Several strategic partners and civic leaders joined the tour, including: 

  • Tom Burns, Executive Director, Nevada Governor’s Office of Economic Development  
  • Andrew Clinger, Vice President for Administration & Finance, University of Nevada, Reno 
  • Jessica Diss, Northern Nevada Legislative Director, Office of Senator Cortez-Masto  
  • Jon Dunham, AVP, Managing Director of Mining & Metals, Black & Veatch  
  • Joni Eastley, Tonopah Main Street and Tonopah Town Board, Vice Chair  
  • Mridul Gautam, Vice President of Innovation and Research, University of Nevada, Reno 
  • Brady Hays, Sr. Vice President & Executive Managing Director, Energy Resources, Process Industries, Mining and Manufacturing, Black & Veatch  
  • Benjamin Knudsen, Vice President Research, North America, BASF 
  • Jackie Pierrott, VP of Government Affairs, Nevada Battery Coalition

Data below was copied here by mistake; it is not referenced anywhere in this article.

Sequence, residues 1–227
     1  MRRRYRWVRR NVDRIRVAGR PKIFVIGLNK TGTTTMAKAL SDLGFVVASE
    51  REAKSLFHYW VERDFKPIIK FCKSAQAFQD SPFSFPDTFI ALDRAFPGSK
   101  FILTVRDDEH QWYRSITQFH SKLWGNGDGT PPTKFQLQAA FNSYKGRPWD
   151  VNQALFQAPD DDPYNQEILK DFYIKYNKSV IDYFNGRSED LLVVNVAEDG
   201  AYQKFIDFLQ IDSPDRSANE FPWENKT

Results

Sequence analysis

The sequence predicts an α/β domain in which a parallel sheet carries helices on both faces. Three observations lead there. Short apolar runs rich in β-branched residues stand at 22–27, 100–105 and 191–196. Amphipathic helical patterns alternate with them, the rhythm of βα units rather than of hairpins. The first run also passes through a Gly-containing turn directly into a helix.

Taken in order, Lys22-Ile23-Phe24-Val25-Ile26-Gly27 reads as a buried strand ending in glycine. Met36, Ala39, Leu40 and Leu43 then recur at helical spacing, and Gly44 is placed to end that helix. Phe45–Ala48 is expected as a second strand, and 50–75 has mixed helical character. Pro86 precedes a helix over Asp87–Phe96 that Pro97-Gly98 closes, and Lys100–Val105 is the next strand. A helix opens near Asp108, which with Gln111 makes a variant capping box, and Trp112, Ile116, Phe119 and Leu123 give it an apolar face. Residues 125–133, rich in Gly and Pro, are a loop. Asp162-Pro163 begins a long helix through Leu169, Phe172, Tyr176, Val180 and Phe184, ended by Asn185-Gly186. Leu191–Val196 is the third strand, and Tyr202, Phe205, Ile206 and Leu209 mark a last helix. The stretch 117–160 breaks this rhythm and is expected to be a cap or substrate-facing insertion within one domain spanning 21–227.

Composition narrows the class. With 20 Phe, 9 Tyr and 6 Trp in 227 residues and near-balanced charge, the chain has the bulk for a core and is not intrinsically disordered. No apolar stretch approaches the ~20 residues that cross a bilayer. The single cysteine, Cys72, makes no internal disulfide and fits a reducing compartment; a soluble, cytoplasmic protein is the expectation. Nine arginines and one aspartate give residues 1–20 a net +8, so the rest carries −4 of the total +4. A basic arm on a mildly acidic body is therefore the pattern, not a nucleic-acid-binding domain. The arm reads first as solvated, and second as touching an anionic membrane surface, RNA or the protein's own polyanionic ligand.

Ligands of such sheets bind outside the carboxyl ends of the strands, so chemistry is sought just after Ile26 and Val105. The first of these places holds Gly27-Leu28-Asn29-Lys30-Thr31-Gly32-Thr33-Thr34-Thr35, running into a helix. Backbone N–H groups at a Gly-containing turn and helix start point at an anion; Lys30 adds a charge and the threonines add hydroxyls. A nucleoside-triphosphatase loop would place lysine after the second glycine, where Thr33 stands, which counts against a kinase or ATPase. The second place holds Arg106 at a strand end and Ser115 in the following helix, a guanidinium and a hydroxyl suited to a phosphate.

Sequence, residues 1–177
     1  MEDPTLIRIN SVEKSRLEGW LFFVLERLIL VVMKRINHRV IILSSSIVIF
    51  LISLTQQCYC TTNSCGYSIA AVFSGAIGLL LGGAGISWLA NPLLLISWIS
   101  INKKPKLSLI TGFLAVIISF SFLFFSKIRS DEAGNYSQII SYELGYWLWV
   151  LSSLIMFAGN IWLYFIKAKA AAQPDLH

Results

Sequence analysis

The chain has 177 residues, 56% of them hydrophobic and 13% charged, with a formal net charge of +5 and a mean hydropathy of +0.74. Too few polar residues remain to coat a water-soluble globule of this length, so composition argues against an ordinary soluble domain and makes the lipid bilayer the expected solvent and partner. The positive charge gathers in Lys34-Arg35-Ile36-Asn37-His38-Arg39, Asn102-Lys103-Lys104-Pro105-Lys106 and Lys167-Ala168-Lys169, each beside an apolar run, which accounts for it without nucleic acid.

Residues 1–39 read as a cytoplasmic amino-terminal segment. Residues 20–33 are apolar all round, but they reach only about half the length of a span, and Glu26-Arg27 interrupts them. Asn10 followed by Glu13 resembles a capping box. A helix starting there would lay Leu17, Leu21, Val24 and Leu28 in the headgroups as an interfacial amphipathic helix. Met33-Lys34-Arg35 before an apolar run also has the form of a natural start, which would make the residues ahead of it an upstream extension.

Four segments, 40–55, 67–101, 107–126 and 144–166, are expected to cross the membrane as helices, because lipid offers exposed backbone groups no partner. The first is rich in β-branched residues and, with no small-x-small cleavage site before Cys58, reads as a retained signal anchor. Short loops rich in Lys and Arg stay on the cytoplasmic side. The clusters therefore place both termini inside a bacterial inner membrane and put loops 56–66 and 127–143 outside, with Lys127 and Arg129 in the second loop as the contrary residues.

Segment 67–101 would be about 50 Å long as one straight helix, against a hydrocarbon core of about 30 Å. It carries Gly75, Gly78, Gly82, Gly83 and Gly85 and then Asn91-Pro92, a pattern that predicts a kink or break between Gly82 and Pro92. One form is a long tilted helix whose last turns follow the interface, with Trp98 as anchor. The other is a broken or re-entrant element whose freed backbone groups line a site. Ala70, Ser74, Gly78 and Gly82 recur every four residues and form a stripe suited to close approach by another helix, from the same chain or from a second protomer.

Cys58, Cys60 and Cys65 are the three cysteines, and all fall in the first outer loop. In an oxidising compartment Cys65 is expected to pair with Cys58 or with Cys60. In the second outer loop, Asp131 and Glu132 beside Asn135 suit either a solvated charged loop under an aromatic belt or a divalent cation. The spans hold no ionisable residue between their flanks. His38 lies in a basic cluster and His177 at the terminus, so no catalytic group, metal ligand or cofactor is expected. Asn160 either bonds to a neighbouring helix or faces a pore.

• Kristen Wahl, Director of Energy Justice and Workforce Readiness for Advanced Energy Technologies, Argonne National Laboratory  

Bringing first-of-kind technologies to market, ABTC’s battery recycling and primary battery metals commercialization efforts support the buildout of a domestically-sourced battery metals circular supply chain.  ABTC has been selected for several competitive grant awards supporting the advancement and commercialization of its first-of-kind technologies for both recycling and primary LiOH manufacturing. 

U.S. DOE Investments in ABTC Lithium-Ion Battery Recycling